By Neville Bennett
Friday 13th June 2003
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It doesn't need a rocket scientist to deduce the trend will continue. The yield on the 2013 bond fell from 5.36% to 5.29% in the last week. It was aided, of course, by the Reserve Bank's cuts and indication further ones will be made when necessary.
The trend is one of the decisive events of our times. It radically illustrates the transition from an era of galloping inflation to a relatively controlled era. It is a sobering demonstration that investors could in the 1980s secure a near 20% gross yield from an absolutely secure investment.
In contrast, yields on bonds have fluctuated between 8% and 6% since 1997. The latest break below the 6% line suggests the downward trend will continue, especially if the global deflationary trend gains momentum.
The deflationary trend globally is strong. It dominates Japan, Hong Kong and Germany. US Federal Reserve chairman Alan Greenspan has indicated it is that country's greatest danger. The IMF has also registered some alarm.
The point will not be argued further here but it is clear the market is saying deflation is looming on the horizon. The yield curve is unequivocal, and a chart is worth a million words.
My first reaction was that retirement was going to be delayed, as my savings are insufficient to generate enough income for my family in an era of low yields. The implications are much wider as I save more than the average New Zealander.
Most households had negative savings in the late 1990s. Perhaps they had faith in the state's generosity. Perhaps they thought their funds would grow exponentially. Spending increased, saving slipped.
It is possible the bear market in equities has changed attitudes, although it is also possible many are in a feel-good mood from rising house prices. Others are severely bemused that most funds have lost about 20% a year over the last couple of years. When the housing bubble deflates there is going to be a lot of discontent in the middle class and this may dent confidence in the Labour government.
The real message of falling yields is that people will have to save more vigorously if they are to generate additional income in their retirement. Let us illustrate the point.
The first assumption is that the investor will shun risk and will purchase bonds with a good credit rating, as it is stupid to risk losing one's capital in shaky investments (NBR, June 6). So it is assumed the nest egg generates a gross yield of 6%. Taxation will remove about a third. So the net yield will be 4%.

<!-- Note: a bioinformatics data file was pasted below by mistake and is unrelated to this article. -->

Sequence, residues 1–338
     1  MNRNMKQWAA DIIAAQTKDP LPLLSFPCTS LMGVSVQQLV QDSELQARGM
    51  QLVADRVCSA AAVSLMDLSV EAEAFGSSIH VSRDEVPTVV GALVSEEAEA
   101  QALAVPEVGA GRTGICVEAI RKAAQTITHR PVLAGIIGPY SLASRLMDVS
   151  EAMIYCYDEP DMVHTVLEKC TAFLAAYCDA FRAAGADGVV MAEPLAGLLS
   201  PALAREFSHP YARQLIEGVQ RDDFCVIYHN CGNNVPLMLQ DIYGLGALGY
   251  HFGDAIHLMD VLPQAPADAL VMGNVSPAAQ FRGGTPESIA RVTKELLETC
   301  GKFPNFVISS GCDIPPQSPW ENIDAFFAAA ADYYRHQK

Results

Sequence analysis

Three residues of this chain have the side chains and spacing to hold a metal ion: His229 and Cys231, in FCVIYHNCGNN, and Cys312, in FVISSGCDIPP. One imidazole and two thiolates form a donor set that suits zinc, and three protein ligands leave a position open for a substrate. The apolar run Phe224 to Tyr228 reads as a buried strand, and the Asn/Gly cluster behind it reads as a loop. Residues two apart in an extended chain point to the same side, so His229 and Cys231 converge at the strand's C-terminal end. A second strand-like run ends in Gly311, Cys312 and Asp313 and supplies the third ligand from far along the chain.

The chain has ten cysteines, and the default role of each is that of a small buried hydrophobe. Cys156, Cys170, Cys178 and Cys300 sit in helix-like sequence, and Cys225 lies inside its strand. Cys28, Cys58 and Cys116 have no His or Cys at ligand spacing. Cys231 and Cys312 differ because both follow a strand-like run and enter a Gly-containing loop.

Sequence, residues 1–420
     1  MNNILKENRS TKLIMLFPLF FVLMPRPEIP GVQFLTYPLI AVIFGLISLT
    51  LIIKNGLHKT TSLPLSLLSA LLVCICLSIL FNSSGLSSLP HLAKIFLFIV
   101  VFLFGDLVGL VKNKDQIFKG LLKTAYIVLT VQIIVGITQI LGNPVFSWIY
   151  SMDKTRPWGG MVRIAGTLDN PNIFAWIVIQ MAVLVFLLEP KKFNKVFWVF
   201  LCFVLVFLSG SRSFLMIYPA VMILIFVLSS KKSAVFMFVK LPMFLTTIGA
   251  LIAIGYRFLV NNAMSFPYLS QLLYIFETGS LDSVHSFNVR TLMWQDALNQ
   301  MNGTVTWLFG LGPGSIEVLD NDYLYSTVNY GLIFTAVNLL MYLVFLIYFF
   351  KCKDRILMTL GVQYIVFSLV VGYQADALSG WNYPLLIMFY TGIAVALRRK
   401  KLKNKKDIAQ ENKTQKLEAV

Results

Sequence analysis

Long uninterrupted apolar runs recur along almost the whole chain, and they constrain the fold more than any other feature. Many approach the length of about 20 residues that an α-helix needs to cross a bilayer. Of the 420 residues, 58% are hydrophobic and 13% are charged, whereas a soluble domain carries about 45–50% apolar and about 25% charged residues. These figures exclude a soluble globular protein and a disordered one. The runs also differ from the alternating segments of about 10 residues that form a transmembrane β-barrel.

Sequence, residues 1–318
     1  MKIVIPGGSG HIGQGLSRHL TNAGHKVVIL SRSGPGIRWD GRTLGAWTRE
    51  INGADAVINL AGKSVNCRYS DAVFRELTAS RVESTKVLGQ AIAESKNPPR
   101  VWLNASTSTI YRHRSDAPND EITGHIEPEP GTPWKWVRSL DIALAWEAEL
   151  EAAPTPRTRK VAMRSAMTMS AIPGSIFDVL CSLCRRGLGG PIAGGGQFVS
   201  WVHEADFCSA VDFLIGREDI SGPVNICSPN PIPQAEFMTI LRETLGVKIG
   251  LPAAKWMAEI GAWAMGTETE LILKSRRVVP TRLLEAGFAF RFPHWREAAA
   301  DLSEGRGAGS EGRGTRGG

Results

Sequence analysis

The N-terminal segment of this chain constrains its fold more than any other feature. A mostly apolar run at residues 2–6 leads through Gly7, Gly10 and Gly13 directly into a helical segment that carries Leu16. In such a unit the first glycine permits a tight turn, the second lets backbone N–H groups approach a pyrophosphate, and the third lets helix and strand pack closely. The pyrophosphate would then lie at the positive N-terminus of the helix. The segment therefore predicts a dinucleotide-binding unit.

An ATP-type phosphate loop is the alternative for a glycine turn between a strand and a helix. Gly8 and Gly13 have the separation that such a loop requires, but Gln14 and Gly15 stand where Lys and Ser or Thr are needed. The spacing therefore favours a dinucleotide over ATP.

That is lousy. The average baby boomer will be deeply shocked. Their generation has known wonderful net yields for decades. They also know compound interest will make their investments grow rapidly. Now the reality is different. It is bad for the 60-year-olds.
It is worse for the 40-year-olds. Let us imagine a rather fortunate household: they are buying a house, drive nice cars, have good holidays and are educating their children. This consumes all of their income, and will do so for many years.
However, they do have a cash nest egg of $100,000 as a result of a legacy. They assume the cash will grow into a tidy sum by the time they are 60. My calculation is that at 4% net their nest egg will grow at compound interest to $219,000 in 20 years. It takes 18 years for cash to double at compound rates of 4%. And at the end of 20 years they will have only $7700 in annual income from their capital.
It might get worse. The yield on good bonds might fall further. And who can be sure taxes on capital will not increase?
My guess is that a 4% net yield will look quite good in five years' time.
The downward trend in interest rates is strong and it is possible the government will increase its tax-take to finance its voter-friendly and ever-increasing expenditure on welfare, health and education.
Let's imagine things get bad: $100K @ 3% for 20 years is $180K and at 2% it grows to $148K. Yields did reach 2% in the depression (and are less than 1% at present in Japan). My guess is that taxes are more likely to rise than fall in the next 20 years. It is not safe to discount the possibility of falling net yields.
How much must you save to become a millionaire (excluding your house and contents)? Charles Schwab gives some data for Americans (who have it easy, as they get tax breaks). Apparently, a 45-year-old, who starts from scratch to save a million by the time he is 65, must put aside $15,500 a year. If the person starts at 50, the rate is $29,000 and at 55 $60,000. After that, forget it.
What to do? One response, and there are others, is to delay consuming the portfolio's income. In effect, this allows compound interest to work its way for longer. Yet even delaying retirement does not help much.
Let us examine the case of 60-year old Jim who has a house and $500,000 in fixed interest. He intends to retire this year. Next year his portfolio yields a 3.5% net return, after tax. The income is about $17,500. He decides to work for another five years. He takes no income from his investment but puts in another $10,000 a year. At 65, his investment has grown to $643,000, and at 3.5% it yields about $22,000.
This is pretty tough on Jim. He feels hard done by as he has scrimped and saved to get his investment together. The yield is about the same as the state now hands out to a married couple (at present $18,000, but it will increase in five years).
The low yield is therefore a grim scenario.
Nevertheless, this column will help readers to some more profitable ideas. A few weeks ago, it suggested diversifying into Australian assets. The timing was sweet. We picked the top of 93c. It is 87c now: so the play has gained 6% gross quite quickly.
Two weeks ago, we picked the top of the New Zealand dollar's value against sterling: that is paying off, too.
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